VRT on short-stay cars incompatible with EU law, says court
EC had complained Ireland restricted foreign car hire firms’ ability to service Irish market
The EU’s Luxembourg-based court on Tuesday ruled for the European Commission which had complained that the Irish tax authorities were in effect restricting the ability of foreign car hire companies to provide services in the Irish market and discriminating in favour of domestic providers.
Ireland has been found guilty of failing to comply with European law over the application of tax to cars imported for rental purposes.
The European Court of Justice (ECJ) decision relates to those cars which may only be imported to Ireland for limited amounts of time.
Irish law requires importers to pay the entire tax for permanent registration, regardless of the intended and actual duration of their use in the State. This approach includes cars that are hired or leased from abroad for pre-determined, limited periods of time.
Ireland does not face any financial sanction following the court’s ruling, although it will bear legal costs.
The Luxembourg-based court ruled on Tuesday in favour of the European Commission, which had complained that Irish tax authorities were in effect restricting the ability of foreign car hire companies to provide services in the Irish market and discriminating in favour of domestic providers.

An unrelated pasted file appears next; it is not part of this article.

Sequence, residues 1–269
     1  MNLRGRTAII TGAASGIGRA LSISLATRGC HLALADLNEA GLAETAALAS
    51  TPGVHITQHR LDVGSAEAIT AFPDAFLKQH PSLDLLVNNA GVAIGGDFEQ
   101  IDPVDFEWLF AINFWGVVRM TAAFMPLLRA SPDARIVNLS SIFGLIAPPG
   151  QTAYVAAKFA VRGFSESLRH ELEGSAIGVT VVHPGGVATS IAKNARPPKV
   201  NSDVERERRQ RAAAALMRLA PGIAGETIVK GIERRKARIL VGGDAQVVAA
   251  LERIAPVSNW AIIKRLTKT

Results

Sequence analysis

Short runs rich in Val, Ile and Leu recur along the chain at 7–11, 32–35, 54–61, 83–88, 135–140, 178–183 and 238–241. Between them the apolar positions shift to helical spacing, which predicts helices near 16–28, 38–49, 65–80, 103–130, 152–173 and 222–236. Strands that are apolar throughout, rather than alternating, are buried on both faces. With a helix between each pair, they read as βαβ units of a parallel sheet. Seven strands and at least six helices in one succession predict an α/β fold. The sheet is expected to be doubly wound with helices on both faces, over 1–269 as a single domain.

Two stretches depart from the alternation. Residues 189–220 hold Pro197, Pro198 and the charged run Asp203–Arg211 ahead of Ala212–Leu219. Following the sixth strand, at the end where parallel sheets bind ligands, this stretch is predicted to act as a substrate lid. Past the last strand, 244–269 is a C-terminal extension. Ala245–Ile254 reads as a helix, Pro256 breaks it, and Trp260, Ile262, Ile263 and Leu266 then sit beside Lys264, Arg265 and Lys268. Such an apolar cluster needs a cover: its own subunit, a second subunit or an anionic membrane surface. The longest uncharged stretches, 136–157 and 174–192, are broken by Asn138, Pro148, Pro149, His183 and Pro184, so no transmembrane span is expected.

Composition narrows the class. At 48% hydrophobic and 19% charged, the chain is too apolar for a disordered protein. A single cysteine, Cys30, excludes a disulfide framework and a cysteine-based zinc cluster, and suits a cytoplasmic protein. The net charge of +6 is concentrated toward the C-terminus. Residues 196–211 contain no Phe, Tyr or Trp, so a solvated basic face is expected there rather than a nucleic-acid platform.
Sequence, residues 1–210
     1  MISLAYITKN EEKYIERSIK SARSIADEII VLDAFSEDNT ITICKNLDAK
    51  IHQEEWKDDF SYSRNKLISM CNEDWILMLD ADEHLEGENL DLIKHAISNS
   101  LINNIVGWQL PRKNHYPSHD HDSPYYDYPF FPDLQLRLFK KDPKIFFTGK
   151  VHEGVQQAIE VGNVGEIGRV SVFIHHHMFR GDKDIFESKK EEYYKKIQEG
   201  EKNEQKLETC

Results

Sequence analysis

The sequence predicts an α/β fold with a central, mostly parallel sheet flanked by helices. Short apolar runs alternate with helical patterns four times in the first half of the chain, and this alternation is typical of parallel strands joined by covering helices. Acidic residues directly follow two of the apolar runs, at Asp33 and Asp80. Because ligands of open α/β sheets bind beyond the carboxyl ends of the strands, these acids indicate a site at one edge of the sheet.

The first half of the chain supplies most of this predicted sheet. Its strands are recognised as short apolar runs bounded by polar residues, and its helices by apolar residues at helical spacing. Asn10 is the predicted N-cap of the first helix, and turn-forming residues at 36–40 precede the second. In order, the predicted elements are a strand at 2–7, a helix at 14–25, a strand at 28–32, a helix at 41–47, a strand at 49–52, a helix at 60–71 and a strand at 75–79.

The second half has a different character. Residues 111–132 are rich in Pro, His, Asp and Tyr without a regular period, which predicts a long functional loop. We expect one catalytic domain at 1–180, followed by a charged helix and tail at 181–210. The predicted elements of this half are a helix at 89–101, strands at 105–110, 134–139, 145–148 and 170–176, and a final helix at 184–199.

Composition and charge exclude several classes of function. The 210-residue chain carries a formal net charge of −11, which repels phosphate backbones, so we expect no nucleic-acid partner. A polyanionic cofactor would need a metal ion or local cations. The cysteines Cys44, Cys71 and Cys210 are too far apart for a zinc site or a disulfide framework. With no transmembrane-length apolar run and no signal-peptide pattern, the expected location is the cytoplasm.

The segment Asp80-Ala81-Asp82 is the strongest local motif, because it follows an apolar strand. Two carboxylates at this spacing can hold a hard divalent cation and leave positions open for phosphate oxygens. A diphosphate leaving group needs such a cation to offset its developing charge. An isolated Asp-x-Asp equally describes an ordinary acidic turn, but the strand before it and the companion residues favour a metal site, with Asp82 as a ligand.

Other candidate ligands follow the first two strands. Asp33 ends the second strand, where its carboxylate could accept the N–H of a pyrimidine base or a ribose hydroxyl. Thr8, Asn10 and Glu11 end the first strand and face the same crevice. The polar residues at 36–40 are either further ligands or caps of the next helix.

The court also found the tax obligation was not proportionate to its objective - to compensate for the external and environmental effects of vehicle use.
Less restrictive system
Since the duration of use for leased vehicles from a company in another member state is limited and known in advance, the court held that a less restrictive system could be used. This might consist of a registration tax proportionate to that duration.
Ireland had introduced a system whereby excess tax could be refunded following an inspection of the vehicle. However, the court also ruled that by failing to refund the interest and by deducting €500 for “administration” from the refund, Ireland had failed to fulfil its obligations under EU law.
While Ireland had amended its legislation on this issue at the beginning of 2016, the commission said it had not done so within the prescribed timeframe ending in April of the previous year.